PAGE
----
Freedom is a short, seven letter word with immeasurable depth. For local artist Camilo Rojas, that one word has inspired some of his most meaningful pieces.
His latest creation is on display not at an art gallery, but rather at the entrance of a new fast casual franchise of Sergio’s Cuban in Brickell. As Rojas sits in a corner table, above him is a large text piece that displays the restaurant’s new slogan, “A fresh take on Cuban.” Blink once and the sign flashes to read, “Free Cuba.”
That’s right, the first thing guests see as they walk into the spot is a declaratory statement that will have you standing and staring as you contemplate what it means to be free. At least, that’s what Rojas wants you to do. The piece is meant to have people stop and reflect on the idea of freedom, says the artist.
“I’ve been exploring the concept of freedom for many years already,” he adds. “One of the first freedom pieces I did, titled Forever Free, was in honor of someone I met a long time ago.”
He goes on to tell the story of a trip he took back in 2005. It was the first time he was back in his native Colombia after becoming a U.S. resident. Like a typical vacation story, he met a girl at a club, they danced the whole night, and then they parted ways in the morning. Two years later, Rojas was visiting Hong Kong and while in a loud, crowded venue he felt a tap on his shoulders. When he turned, he recognized the woman from Colombia.
“What are you doing here?” he asked, shocked to be seeing her again in a foreign country. With a sad smile she replied, “I was kidnapped at the airport and now I’m a sex slave.”
Rojas stood there, mouth agape. “I couldn’t even process what was happening… I offered my help but she said there was nothing I could do. I felt helpless.”
The rest of that short trip was spent contemplating the idea of freedom. As if it were kismet, the article he read while on the plane ride home dealt with modern slavery and the words “forever” and “free” jumped out to him from the text. “It was as if all the other words in the article disappeared and I was just left with ‘forever’ and ‘free.’”
Earlier this year, Rojas was one of the artists who exhibited at the Moore building for the RAW Pop-Up in May. He took over three floors of the building and each of his pieces dealt with freedom. “I dedicated that exhibition to the victims of modern day slavery. I did some research and found victims’ names and wrote them all over the first floor of the building” as the backdrop for the Forever Free light text piece.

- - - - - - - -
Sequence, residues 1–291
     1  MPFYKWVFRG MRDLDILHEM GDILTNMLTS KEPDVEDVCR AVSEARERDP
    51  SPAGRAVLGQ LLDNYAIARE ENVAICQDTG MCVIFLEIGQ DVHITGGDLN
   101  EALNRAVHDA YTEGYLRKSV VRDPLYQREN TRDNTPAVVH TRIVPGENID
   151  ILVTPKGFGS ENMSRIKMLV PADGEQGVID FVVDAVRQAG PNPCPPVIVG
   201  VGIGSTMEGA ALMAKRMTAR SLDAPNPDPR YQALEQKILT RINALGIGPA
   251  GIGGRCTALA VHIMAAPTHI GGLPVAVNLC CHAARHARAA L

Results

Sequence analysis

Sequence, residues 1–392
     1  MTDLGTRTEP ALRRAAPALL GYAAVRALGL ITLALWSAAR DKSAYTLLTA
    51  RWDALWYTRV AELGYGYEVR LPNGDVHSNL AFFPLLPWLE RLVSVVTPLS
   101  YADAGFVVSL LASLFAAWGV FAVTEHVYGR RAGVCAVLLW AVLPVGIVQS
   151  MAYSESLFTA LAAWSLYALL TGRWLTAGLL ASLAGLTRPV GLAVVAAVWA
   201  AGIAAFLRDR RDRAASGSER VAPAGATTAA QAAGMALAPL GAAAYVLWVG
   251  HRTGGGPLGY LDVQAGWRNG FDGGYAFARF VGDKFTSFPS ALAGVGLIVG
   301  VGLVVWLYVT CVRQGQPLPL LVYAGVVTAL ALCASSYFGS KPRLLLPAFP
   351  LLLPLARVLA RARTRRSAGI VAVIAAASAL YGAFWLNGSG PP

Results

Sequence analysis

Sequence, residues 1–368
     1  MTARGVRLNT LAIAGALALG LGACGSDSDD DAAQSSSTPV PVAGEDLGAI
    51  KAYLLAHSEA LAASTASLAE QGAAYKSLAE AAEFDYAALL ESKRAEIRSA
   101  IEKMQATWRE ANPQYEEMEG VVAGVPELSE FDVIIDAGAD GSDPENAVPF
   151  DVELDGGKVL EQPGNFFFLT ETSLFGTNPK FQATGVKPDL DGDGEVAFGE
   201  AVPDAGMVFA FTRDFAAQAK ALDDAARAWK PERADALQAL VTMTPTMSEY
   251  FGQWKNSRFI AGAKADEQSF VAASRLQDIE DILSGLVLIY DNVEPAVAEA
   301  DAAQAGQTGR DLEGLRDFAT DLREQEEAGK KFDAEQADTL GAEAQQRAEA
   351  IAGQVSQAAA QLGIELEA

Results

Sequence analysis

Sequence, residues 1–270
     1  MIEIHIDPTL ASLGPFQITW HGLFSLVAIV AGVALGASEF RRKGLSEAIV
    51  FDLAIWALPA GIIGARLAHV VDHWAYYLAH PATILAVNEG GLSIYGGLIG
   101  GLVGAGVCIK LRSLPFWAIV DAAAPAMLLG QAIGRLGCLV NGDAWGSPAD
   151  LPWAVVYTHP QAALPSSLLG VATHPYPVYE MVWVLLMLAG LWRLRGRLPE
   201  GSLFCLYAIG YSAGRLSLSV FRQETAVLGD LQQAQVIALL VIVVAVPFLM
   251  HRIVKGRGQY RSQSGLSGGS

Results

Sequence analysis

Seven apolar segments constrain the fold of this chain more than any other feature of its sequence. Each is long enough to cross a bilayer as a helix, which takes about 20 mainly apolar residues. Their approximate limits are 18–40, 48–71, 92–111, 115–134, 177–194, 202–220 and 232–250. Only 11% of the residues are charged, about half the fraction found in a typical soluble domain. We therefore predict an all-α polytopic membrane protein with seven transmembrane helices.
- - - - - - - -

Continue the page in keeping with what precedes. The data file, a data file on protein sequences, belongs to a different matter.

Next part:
That same piece hung on the walls of his studio when one afternoon Sergio’s CEO, Carlos Gazitua, walked in. After an impromptu meeting including their mutual friend and businessman Eli Coro, the idea for the Free Cuba sign was hatched.
The newest franchised location for Sergio’s Cuban opened its doors for a soft launch in mid-December. During the opening night event, Rojas was there to interact with guests and customize some shirts. The theme of the evening was, naturally, freedom. The artist asked guests one simple question: How long have you been tasting freedom?
Guests lined up to snag a one-of-a-kind tee shirt and have it customized by Rojas with the name of their family and the year they arrived in America.
“I heard many touching stories that night,” recalls the Colombia native. “I got to speak with people from places like Nicaragua and Venezuela, but mainly from Cuba. Everyone that night felt connected to the idea of freedom.”
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While many people just told the artist the year, he said he had one woman tell him the exact month, day, and year. While he was working on her shirt, huddled over the table and eyes focused on the work, he asked the woman to tell him her story. She began by remembering how bad conditions were in her home town in Colombia — daily car bombs and overall unsafe conditions — and how she came to America with her four young children in order to give them a better life. The story was eerily relatable for Rojas. He looked up, and sitting across from him was his mother, tears gliding down her cheeks.
“I was focused on customizing the shirt so I was looking down the whole time she was telling me the story,” says Rojas. “When I finished and I looked up, I saw my mom. It was a moment of true reflection for her as she was telling me her story… I wasn’t expecting that.”
He discovered that night something he already knew deep down: All immigrant stories share a common thread, which is the search for freedom and the opportunity for a better life.
“Many years ago, I’d never find myself saying this, but after [the successes of] this past year, I’ve finally accepted that I have a gift and that my work moves people,” admits Rojas. “All my pieces have a soul and people can see that and it moves them.”